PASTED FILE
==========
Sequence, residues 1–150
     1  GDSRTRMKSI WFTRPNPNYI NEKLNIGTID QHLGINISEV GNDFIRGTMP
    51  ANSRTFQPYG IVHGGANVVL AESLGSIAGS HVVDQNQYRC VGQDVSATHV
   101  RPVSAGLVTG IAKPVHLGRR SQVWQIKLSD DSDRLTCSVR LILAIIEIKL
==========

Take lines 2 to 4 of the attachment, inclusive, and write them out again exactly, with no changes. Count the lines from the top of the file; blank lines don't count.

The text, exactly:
     1  GDSRTRMKSI WFTRPNPNYI NEKLNIGTID QHLGINISEV GNDFIRGTMP
    51  ANSRTFQPYG IVHGGANVVL AESLGSIAGS HVVDQNQYRC VGQDVSATHV
   101  RPVSAGLVTG IAKPVHLGRR SQVWQIKLSD DSDRLTCSVR LILAIIEIKL